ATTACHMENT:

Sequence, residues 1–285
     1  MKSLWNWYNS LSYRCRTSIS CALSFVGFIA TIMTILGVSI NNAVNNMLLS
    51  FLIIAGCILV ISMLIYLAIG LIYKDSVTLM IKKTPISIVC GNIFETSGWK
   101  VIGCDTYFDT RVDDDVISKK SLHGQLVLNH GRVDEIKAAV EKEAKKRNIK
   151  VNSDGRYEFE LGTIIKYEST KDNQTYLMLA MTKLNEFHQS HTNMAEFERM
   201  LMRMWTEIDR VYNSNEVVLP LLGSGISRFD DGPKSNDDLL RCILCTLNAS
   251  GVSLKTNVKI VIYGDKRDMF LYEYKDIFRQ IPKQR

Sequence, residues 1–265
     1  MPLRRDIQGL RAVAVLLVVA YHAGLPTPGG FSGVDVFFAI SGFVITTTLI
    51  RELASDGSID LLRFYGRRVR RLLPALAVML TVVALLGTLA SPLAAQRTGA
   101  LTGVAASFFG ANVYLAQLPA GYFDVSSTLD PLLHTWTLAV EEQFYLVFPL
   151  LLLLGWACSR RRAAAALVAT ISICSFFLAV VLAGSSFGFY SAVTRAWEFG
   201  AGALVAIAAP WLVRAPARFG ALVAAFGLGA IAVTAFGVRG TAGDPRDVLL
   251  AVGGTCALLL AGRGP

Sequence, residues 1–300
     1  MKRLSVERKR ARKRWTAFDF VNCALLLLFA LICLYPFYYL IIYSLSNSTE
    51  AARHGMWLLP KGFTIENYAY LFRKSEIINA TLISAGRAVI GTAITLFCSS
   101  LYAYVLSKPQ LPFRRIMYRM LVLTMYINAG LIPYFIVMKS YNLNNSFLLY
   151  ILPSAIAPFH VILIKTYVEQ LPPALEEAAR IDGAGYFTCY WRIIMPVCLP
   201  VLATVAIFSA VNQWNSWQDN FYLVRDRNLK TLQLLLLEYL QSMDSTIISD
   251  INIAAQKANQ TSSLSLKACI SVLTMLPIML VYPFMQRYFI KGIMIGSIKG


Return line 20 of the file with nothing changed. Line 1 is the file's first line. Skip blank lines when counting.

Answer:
   201  VLATVAIFSA VNQWNSWQDN FYLVRDRNLK TLQLLLLEYL QSMDSTIISD